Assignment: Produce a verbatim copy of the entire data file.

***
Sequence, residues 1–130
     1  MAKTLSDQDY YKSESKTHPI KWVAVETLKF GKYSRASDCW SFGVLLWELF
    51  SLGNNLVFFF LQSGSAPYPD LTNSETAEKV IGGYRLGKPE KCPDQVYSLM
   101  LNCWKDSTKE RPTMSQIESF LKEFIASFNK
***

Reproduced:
Sequence, residues 1–130
     1  MAKTLSDQDY YKSESKTHPI KWVAVETLKF GKYSRASDCW SFGVLLWELF
    51  SLGNNLVFFF LQSGSAPYPD LTNSETAEKV IGGYRLGKPE KCPDQVYSLM
   101  LNCWKDSTKE RPTMSQIESF LKEFIASFNK